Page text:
The only thing that changes in the Bhopal case is the modus operandi. Instead of supporting the criminals proactively the state helped them with acts of omission than commission. So it would let Warren Anderson slip out of the country merely four days after the tragedy on a bail knowing fully well that he would be most unlikely to return. Then the CBI, the prosecuting agency would take full four years just for filing a charge-sheet which it did in December 1987. It would let the accused, the powerful and mighty as the representative of the international capital, use all the delaying tactics including going to the Supreme Court asking relief for the fact that charges against them were harsher than justified.

Then the Government of India would go for an out of court settlement with the Union Carbide offering the corporation immunity from all civil and criminal cases regarding the disaster and startlingly the Supreme Court of India would ratify this out of court settlement. Thankfully, another bench of the Supreme Court reversed the decision in 1991 and the proceedings resumed only after that. Add to this the Union Carbide paying meagre USD 470 million as a compensation, which incidentally means Indian Rupees 12410 for each person who got killed in the tragedy. And finally, the Minister of State for Environment recently certified the land around the plant as safe because he claimed he was all right even after visiting the area. No wonder that any action were taken against him despite the fact that Centre for Science and Environment had found that the groundwater in the area near the plant contained almost forty times more pesticides than the normal standard.

Taking all the facts into account, Bhopal Gas Leak case was an open and shut case of criminal and corporate liability. A thorough enquiry and trial in the case could have paved the way for far stricter rules to insure industrial safety and corporate responsibility.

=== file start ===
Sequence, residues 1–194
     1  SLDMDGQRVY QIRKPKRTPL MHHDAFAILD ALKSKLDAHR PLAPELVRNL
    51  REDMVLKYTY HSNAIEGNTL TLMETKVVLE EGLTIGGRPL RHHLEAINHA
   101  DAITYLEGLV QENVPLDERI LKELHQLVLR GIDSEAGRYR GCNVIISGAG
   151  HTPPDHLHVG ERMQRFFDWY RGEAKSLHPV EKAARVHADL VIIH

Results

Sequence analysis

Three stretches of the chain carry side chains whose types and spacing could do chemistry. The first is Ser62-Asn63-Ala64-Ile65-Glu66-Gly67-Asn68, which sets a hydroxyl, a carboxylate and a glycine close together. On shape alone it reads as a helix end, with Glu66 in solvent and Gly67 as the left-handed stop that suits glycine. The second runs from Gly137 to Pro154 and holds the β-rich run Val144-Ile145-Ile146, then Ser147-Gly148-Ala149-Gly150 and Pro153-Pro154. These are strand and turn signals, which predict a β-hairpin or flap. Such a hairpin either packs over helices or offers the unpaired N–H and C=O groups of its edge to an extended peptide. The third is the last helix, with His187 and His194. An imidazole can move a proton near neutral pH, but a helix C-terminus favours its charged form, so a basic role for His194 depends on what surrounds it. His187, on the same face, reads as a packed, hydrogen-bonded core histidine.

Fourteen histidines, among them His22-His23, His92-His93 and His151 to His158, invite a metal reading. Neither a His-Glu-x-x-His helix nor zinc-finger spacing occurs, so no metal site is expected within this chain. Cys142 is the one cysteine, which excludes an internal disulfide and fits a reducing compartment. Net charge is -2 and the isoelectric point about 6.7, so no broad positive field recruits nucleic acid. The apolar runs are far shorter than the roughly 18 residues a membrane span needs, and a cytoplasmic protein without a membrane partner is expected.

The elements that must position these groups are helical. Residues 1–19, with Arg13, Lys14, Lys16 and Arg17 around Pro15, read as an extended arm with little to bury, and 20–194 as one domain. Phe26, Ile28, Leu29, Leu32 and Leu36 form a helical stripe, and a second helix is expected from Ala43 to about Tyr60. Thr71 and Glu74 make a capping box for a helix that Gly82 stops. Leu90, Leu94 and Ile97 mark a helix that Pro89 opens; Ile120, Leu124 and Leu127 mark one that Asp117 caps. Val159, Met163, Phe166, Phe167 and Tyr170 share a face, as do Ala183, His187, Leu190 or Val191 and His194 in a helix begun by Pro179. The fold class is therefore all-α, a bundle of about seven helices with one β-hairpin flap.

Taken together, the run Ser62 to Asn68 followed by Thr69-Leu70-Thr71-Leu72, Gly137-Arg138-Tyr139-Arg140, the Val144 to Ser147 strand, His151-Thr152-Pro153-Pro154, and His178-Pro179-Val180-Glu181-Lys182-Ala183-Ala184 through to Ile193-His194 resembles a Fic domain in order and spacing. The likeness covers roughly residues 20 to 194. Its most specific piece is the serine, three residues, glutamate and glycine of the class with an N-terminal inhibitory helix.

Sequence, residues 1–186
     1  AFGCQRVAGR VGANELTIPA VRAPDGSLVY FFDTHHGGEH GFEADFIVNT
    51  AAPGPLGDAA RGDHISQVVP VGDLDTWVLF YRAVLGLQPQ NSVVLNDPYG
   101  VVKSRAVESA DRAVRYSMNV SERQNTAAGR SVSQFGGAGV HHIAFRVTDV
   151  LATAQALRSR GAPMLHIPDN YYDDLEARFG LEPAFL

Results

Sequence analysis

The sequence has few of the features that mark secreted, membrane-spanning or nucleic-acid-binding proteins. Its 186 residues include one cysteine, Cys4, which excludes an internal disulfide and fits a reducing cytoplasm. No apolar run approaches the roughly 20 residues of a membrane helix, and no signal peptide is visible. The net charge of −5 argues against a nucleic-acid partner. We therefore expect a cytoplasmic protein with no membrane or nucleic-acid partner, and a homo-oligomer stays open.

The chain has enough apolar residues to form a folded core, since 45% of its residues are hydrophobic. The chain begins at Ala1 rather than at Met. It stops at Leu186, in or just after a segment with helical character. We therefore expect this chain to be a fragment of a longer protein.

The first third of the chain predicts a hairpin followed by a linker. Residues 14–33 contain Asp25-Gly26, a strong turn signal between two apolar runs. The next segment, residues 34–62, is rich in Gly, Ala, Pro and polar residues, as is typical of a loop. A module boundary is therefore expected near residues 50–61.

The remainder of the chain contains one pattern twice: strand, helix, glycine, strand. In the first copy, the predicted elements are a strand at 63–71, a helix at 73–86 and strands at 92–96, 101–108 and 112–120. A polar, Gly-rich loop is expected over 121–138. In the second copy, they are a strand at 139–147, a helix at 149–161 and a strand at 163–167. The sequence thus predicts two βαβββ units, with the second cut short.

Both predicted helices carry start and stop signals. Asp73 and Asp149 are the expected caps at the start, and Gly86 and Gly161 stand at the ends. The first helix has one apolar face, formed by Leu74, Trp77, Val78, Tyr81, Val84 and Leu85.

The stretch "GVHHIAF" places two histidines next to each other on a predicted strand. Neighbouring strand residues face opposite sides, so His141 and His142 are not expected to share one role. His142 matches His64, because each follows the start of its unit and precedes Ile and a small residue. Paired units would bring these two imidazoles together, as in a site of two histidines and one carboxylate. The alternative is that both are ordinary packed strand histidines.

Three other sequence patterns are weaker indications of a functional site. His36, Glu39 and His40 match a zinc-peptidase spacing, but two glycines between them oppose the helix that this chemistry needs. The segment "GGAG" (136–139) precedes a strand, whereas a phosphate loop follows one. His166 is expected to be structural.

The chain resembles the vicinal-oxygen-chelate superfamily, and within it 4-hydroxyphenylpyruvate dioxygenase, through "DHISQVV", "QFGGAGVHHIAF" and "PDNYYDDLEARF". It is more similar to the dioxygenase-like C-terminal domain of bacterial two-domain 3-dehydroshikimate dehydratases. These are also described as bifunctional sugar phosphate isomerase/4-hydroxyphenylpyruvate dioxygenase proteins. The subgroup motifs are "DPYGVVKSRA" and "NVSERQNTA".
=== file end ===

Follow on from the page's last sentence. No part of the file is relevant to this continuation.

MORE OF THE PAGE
The Government of India is contemplating to enact a legislation named Civil Liability For Nuclear Damages Bill which caps the maximum liability to five billion Rupees in case of a nuclear accident, while providing complete immunity to a foreign nuclear reactor builder from any victim-initiated civil suit or a criminal proceedings both in an Indian court or in a court in its home country. Incidentally, the US with whom the Government of India is intending to sign the Bill is contemplating a criminal prosecution against British Petroleum, the petroleum major for causing the oil spill in the Gulf of Mexico.

The verdict proves, almost conclusively, that India is a failing, if not already failed state. That far from being the biggest democracy of the world, it, in fact, is nothing more than a banana republic. That it is a country where murderers of ordinary citizen, whether in Manipur or Madhya Pradesh, can go scot free.

It is a state that will protect the interests of the corporations at the cost of the common man it pledges allegiance to and that it will sell its dead real cheap, around USD 249 to be precise.


About AHRC: The Asian Human Rights Commission is a regional non-governmental organisation monitoring and lobbying human rights issues in Asia. The Hong Kong-based group was founded in 1984.

2 comments:

筠銘 said...